Children younger than 10 account for 63 percent of the 30 reported cases, four of which have led to hospitalization.
People infected with Salmonella can see symptoms such as diarrhea, fever and abdominal cramps. Most people do not need treatment.
Coburn said this strain, known as salmonella bredeney, is very rare.
“The particular strain … is particularly cunning and extremely difficult to really detect,” Coburn said.
Sunland Inc. is working hand-in-hand with the FDA and the CDC in the investigation.
About 75 of the company’s other almond butter and peanut butter products have been recalled in stores nationwide.
The recall is a precautionary measure because the products were all manufactured at the same New Mexico location. None of the other products have been linked to the outbreak.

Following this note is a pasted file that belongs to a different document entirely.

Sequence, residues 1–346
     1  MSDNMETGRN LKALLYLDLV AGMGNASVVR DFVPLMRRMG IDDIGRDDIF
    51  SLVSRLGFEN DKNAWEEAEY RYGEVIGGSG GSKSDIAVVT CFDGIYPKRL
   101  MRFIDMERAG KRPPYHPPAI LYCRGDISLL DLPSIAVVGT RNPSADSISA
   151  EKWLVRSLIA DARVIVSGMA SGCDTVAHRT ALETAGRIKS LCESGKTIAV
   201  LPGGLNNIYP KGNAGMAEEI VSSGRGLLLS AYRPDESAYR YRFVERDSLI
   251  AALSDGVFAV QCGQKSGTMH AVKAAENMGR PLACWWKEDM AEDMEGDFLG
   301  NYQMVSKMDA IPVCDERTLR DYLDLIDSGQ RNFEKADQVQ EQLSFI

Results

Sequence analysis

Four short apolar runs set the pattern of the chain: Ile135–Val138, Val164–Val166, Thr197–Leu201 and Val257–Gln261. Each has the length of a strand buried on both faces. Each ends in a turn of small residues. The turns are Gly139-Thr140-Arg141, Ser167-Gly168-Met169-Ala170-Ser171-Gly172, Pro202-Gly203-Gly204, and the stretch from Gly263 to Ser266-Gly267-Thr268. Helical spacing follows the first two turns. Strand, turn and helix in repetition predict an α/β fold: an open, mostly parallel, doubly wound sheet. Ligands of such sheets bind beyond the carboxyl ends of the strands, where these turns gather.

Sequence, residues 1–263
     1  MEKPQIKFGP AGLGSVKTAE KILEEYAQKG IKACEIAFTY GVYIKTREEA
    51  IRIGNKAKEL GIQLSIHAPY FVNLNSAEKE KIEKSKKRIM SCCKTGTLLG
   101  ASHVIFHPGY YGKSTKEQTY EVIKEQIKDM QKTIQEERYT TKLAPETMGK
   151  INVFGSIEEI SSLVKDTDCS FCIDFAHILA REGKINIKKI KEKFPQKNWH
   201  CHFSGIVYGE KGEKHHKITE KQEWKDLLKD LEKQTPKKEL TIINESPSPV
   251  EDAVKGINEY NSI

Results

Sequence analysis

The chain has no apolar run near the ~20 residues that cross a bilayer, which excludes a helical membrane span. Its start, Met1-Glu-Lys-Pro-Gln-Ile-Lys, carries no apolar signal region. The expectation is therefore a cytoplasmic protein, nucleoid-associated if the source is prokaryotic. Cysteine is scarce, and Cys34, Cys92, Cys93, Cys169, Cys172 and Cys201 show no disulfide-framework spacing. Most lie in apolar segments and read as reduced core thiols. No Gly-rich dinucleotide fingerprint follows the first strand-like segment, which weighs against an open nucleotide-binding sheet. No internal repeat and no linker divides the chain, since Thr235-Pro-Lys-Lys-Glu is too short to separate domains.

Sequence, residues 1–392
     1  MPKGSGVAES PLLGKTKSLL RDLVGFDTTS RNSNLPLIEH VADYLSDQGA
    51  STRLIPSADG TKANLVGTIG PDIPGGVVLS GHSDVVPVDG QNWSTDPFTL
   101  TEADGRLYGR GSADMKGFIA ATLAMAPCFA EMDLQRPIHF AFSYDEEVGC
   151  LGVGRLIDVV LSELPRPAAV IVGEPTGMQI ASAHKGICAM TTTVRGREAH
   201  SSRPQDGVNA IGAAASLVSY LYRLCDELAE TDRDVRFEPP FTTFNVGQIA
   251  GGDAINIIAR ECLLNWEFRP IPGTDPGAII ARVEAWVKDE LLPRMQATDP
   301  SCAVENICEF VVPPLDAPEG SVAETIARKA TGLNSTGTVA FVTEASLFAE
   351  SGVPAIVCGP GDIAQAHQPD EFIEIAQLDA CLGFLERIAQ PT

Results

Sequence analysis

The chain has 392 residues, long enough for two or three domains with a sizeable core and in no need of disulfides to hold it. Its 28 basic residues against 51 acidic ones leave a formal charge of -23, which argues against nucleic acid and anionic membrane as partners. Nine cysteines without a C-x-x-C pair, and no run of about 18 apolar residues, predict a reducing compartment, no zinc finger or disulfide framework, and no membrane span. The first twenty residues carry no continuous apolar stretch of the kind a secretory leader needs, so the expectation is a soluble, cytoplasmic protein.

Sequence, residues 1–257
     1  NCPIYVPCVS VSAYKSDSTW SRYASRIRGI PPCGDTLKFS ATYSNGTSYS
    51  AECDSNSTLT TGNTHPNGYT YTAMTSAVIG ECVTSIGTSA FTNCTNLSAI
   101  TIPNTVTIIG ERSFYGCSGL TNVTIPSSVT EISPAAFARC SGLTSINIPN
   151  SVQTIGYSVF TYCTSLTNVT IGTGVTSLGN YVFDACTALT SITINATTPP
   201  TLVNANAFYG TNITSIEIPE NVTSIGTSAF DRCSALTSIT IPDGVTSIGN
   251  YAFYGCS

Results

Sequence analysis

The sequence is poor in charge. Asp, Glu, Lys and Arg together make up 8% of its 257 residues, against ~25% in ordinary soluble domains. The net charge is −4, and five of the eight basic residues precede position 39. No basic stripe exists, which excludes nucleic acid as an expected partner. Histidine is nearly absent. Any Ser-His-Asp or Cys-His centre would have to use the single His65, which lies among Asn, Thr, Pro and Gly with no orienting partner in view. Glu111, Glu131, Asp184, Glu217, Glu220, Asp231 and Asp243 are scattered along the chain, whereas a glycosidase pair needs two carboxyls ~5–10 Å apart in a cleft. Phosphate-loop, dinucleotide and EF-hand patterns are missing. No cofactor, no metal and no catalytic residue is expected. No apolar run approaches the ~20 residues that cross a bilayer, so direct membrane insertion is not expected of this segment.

Julie Henry, spokeswoman for the N.C. Department of Health and Human Services, said people can get salmonella from many different places, typically through under-cooked poultry, ground beef and eggs.
“We have salmonella all the time in North Carolina,” she said. “Most of the time, the outbreaks in North Carolina are due to cross-contamination.”
Henry said the last large-scale salmonella outbreak in the state was in Asheville in April, where at least 34 people were infected.
Smiling Hara Tempeh, located in Asheville, recalled its soybean tempeh after it was linked to Asheville’s outbreak, which was caused by cross-contamination.
But Coburn said the Sunland factory’s condition means cross-contamination is likely not a cause in this recent outbreak.
Durham resident Sandy Smith-Nonini said she is concerned about becoming a victim of this outbreak or one in the future.
“I know the corporations respond and take it off the shelves,” Smith-Nonini said. “But I guess the question that lingers in my mind is, you know, when’s the next time — and when will I end up being a victim of this sort of thing?”
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